With a fever of unknown origin, oral ulcers suggest Behçet's syndrome or systemic lupus erythematosus.
      • Carsons S.E.
      Fever in rheumatic and autoimmune disease.
      • Zenone T.
      Fever of unknown origin in rheumatic diseases.
      The pattern of organ involvement in a fever of unknown origin with a history of joint symptoms and generalized lymphadenopathy points to adult Still's disease or systemic lupus erythematosus.
      • Cunha B.A.
      Fever of unknown origin: focused diagnostic approach based on clinical clues from the history, physical examination and laboratory tests.
      • Cunha B.A.
      Fever of unknown origin in rheumatic diseases.
      A history of acalculous cholecystitis in a fever of unknown origin is an easily overlooked clue of systemic lupus erythematosus or periarteritis nodosa.
      • Cunha B.A.
      Fever of unknown origin: focused diagnostic approach based on clinical clues from the history, physical examination and laboratory tests.
      • Cunha B.A.
      Fever of unknown origin in rheumatic diseases.
      A family history is important if Behçet's disease is being considered.

      Miscellaneous Disorders

      If the history does not suggest a particular category, miscellaneous causes of fever of unknown origin should be considered. Fever periodicity may be the only clue to cyclic neutropenia.
      • Cunha B.A.
      • Nausheen S.
      Fever of unknown origin due to cyclic neutropenia with relative bradycardia.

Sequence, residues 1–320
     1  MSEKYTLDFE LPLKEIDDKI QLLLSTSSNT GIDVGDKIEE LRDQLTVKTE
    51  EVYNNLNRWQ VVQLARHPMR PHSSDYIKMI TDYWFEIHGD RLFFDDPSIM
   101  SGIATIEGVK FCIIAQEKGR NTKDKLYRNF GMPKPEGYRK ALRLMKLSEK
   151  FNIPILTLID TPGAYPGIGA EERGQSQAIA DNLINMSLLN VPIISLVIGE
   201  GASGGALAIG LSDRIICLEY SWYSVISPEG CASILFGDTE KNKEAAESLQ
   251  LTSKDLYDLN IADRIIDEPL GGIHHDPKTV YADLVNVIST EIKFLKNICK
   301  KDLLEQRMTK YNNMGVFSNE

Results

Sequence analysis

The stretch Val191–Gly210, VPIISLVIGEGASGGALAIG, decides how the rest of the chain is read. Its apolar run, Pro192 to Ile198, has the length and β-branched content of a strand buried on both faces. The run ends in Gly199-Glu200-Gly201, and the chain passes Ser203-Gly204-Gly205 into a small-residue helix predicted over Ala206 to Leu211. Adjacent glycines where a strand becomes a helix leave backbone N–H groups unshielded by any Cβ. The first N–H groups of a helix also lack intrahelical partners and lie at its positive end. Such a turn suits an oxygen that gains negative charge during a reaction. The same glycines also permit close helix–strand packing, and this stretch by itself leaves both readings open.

A history of lymphadenopathy may suggest Rosai-Dorfman or Kikuchi's disease.
      • Cunha B.A.
      • Mickail N.
      • Durie N.
      • Pherez F.M.
      • Strollo S.
      Fever of unknown origin caused by Kikuchi's disease mimicking lymphoma.
      • Cunha B.A.
      • Durie N.
      • Selbs E.
      • Pherez F.
      Fever of unknown origin due to Rosai-Dorfman disease with mediastinal adenopathy mimicking lymphoma: diagnostic importance of elevated serum ferritin levels and polyclonal gammopathy.
      Neck/jaw pain, easily dismissed as dental pain, may be a clue to subacute thyroiditis.
      • Brendan M.W.
      • Matthew J.H.
      • Dennis P.M.
      Subacute thyroiditis manifesting as fever of unknown origin.
      • Cunha B.A.
      • Thermidor M.
      • Mohan S.
      • et al.
      Fever of unknown origin: subacute thyroiditis versus typhoid fever.
      • Cunha B.A.
      • Chak A.
      • Strollo S.
      Fever of unknown origin: de Quervain's subacute thyroiditis with highly elevated ferritin levels mimicking temporal arteritis (TA).